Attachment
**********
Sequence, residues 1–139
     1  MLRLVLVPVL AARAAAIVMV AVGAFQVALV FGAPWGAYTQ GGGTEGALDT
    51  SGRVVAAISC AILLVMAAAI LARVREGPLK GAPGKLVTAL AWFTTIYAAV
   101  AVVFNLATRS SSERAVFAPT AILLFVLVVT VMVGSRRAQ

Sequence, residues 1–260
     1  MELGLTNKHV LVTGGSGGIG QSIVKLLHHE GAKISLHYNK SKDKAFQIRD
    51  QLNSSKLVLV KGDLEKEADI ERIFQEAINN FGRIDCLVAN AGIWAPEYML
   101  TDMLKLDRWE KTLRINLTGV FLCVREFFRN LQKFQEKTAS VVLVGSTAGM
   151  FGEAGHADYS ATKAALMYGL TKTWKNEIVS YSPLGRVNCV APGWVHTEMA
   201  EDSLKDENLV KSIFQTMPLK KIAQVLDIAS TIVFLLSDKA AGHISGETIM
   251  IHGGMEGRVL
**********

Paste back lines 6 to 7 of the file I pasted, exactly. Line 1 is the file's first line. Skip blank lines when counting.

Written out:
     1  MELGLTNKHV LVTGGSGGIG QSIVKLLHHE GAKISLHYNK SKDKAFQIRD
    51  QLNSSKLVLV KGDLEKEADI ERIFQEAINN FGRIDCLVAN AGIWAPEYML